Corporate earnings season sends stocks lower
U.S. stocks declined on January 8, as investors pushed these assets lower amid the beginning of the fourth-quarter earnings season.
The benchmark Standard & Poor’s 500 Index finished the day 0.3 percent lower at 1,457.15 as of 4 p.m. in New York. European stocks also lost value, as the Stoxx Europe 600 Index closed down 0.1 percent. The trading volume for the equities contained in this index was 45 percent more than the three-month average, according to Bloomberg.
"We're waiting for earnings to come out," John Manley, who contributes to the management of around $212 billion as chief equity strategist for Wells Fargo Advantage Funds in New York, told the media outlet in a telephone interview. "Valuations are far from excessive. Yet we've had a strong rally very quickly. Now the market is adjusting."
The Dow Jones Industrial Average also had a poor day, falling 55.44 points, or 0.41 percent, to end trading 13,328.85, MarketWatch reports. The companies that were the principal contributors to this decline were Verizon and Boeing.
The Chicago Board Options Exchange Volatility Index (VIX), which is the most frequently-used metric for quantifying fear, finished trading below a reading of 14, according to the news source. This resulted in the VIX closing lower for six trading sessions in a row.
Bloomberg reports that this measure dropped to 13.62 percent during the day, which was its lowest level since August. In addition, the VIX plunged 39 percent during the week ending January 4, which was its sharpest one-week decline on record.
Various market experts asserted that the downward movements in equities could be contributed to a lack of optimism, with Bob Doll, chief equity strategist at Nuveen Asset Management, predicting that sentiment would make some progress, according to CNBC.
"We're going to have some improvement about perceptions of growth—we need just a little bit of confidence," he stated. "I'm using the phrase: muddle-through economy and grind-higher equity market—it's not going to be a gallop."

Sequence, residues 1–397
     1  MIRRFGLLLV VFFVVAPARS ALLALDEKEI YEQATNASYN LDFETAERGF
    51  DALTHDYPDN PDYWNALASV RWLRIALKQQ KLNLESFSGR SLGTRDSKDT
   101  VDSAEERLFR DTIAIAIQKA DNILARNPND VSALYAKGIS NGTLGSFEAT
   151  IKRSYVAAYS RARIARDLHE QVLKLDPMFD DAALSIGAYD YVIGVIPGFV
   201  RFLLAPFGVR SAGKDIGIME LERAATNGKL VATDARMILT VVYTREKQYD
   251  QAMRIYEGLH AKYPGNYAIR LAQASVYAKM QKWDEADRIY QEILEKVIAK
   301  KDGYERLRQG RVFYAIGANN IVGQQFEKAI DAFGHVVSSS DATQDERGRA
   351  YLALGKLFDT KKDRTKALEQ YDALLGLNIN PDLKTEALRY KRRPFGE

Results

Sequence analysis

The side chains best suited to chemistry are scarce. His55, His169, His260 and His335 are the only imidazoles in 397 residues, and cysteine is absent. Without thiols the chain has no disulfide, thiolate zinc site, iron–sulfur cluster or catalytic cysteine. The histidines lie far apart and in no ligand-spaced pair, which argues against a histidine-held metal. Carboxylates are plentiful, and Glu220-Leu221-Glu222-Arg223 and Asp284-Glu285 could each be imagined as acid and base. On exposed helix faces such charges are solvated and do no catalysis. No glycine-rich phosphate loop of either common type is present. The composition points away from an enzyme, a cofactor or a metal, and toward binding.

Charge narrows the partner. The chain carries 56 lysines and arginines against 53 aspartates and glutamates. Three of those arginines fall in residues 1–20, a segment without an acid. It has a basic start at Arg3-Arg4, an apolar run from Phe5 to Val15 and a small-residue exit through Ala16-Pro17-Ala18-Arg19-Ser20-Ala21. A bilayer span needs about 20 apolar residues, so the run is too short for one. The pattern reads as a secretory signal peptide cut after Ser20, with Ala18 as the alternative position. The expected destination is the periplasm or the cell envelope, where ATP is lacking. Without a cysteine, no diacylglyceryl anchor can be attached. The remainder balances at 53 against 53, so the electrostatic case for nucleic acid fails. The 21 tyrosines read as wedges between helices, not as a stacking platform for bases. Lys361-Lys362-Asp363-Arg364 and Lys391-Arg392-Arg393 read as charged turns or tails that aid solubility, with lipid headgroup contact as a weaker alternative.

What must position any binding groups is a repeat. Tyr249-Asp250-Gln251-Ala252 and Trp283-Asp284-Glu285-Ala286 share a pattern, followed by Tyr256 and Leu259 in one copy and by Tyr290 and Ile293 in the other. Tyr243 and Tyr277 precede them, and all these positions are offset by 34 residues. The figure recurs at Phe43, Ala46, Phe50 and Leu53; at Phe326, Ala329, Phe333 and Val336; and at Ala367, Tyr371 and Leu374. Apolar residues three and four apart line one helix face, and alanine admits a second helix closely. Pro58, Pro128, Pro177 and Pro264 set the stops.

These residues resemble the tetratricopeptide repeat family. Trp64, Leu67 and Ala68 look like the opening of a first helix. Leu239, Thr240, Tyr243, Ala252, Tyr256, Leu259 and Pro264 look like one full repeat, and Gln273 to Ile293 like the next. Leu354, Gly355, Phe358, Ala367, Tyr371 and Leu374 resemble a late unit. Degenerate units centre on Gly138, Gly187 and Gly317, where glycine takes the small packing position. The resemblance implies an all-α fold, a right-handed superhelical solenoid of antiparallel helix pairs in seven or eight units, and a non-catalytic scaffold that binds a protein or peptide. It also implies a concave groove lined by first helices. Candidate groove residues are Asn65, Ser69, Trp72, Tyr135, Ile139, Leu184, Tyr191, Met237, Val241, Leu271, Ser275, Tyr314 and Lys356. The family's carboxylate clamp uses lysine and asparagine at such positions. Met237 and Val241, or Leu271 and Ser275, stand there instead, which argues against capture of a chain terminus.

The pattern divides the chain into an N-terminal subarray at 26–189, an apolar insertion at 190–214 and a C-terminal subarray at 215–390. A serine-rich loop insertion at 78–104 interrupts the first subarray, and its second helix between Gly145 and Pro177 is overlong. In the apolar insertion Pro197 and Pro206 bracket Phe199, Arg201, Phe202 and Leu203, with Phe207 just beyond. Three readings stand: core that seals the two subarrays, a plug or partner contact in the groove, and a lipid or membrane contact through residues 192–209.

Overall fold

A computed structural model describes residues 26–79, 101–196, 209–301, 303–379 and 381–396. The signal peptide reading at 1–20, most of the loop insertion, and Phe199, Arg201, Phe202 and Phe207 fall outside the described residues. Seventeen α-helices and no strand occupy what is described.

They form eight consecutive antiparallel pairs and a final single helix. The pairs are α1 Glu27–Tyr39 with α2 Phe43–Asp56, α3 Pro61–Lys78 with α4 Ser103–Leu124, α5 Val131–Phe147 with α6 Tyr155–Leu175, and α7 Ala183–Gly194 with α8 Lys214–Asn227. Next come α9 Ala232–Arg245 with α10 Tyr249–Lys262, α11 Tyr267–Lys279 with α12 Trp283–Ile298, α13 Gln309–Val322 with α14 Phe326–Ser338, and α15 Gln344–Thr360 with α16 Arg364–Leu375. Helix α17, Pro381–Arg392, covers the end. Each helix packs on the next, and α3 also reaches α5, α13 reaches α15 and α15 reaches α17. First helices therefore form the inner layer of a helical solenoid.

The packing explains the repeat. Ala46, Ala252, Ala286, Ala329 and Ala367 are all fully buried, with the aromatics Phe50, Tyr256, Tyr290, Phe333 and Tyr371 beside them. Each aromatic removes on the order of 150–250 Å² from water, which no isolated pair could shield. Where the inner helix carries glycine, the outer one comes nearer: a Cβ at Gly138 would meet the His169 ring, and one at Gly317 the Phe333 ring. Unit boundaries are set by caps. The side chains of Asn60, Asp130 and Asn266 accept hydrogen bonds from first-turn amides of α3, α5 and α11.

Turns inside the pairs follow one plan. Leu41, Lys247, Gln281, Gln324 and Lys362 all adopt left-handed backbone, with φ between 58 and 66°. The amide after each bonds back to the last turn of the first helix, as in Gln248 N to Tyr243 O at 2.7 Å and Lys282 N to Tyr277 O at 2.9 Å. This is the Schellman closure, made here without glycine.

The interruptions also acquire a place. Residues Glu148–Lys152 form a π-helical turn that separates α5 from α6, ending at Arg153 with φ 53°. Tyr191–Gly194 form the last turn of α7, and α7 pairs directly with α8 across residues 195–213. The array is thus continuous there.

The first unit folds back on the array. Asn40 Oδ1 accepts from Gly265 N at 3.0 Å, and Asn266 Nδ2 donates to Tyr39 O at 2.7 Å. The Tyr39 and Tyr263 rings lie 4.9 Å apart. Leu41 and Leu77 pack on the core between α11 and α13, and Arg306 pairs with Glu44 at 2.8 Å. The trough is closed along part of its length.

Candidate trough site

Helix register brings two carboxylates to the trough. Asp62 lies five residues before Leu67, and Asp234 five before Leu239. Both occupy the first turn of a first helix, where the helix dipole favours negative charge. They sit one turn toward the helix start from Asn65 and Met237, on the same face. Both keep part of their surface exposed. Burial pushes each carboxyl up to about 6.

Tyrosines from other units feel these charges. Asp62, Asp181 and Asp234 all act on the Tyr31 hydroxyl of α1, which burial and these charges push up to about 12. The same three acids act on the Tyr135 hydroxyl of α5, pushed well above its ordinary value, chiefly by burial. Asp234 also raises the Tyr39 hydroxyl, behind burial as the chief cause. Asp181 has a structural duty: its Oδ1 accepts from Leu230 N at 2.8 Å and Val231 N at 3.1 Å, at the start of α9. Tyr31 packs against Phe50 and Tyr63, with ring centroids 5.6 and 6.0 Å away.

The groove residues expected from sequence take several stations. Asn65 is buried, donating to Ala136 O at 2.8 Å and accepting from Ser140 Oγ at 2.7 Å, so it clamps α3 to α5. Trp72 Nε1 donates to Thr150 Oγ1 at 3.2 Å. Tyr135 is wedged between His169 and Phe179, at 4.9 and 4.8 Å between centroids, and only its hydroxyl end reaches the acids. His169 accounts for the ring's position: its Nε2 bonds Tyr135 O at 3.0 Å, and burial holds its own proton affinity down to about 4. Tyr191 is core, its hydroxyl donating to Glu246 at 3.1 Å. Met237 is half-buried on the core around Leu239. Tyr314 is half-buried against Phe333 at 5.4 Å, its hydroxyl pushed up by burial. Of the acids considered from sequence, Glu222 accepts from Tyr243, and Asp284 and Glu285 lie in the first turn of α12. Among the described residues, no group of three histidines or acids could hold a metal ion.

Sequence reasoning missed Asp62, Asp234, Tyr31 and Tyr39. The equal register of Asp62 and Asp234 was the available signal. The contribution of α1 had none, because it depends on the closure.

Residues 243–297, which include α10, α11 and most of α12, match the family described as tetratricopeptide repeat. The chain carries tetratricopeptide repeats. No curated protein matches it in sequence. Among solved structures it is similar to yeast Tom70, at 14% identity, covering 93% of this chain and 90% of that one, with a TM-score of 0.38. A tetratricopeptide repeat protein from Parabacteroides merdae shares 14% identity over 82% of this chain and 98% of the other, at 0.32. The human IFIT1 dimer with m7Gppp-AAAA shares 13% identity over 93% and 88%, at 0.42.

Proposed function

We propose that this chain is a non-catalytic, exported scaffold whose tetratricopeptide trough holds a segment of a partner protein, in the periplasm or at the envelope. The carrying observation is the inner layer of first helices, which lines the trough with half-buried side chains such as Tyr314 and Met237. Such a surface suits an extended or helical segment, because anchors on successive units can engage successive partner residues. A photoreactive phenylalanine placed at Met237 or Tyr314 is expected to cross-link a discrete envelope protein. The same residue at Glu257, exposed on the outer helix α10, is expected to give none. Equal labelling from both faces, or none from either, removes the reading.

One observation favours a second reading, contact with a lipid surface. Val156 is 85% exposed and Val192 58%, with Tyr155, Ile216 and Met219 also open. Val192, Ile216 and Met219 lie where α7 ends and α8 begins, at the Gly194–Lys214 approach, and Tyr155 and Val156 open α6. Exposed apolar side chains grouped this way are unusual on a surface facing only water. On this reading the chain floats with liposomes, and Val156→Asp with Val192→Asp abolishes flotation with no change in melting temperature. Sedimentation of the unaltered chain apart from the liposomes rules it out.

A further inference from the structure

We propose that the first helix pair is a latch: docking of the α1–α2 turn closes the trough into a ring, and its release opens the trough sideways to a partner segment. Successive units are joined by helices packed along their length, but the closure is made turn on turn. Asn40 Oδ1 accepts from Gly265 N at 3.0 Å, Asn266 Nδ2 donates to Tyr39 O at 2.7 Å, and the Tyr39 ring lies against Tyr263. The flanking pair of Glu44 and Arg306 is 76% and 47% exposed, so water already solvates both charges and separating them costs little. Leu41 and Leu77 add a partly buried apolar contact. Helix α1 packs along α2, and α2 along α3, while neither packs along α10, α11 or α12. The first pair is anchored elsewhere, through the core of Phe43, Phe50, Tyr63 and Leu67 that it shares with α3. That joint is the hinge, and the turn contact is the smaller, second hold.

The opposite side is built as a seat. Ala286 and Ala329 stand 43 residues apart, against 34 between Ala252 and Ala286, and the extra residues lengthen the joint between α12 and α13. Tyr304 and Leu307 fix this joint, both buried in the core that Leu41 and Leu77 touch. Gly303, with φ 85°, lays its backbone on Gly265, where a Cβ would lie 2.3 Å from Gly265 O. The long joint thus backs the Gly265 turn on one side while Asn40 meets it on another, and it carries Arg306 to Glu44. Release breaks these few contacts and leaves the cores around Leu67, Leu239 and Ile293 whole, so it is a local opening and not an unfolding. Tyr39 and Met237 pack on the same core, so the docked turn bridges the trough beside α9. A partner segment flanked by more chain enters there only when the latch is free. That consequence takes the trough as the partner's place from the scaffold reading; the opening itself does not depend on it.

Data provided by Thomson Reuters predicts that the companies contained in the S&P 500 Index will report that their earnings rose at an average rate of 2.8 percent during the final quarter of the year, compared to the meager 0.1 percent they registered in the third quarter.
"[The earnings expectation] bar is so low that it's almost impossible not to beat it," Kenny Polcari, director at O'Neil Securities, told the news source. "The China story is what we're going to hear going forward."
This index of blue-chip stocks declined for the second consecutive day, after rising to its highest value since 2007 on the week that ended January 4. During that week, the index surged 2.5 percent as markets responded to news that Washington lawmakers reached a deal that would prevent the U.S. from going over the fiscal cliff.
If these government officials had not succeeded in doing so, it would have resulted in more than $600 billion in spending reductions and tax increases. Many market participants predicted that such an event would be very detrimental, and the Congressional Budget Office predicted that the fiscal challenges would push the United States into recession this year.
Since then, lawmakers have come to focus on pending fiscal challenges. In the next few months, the national debt will reach its limit of $16.2 trillion.
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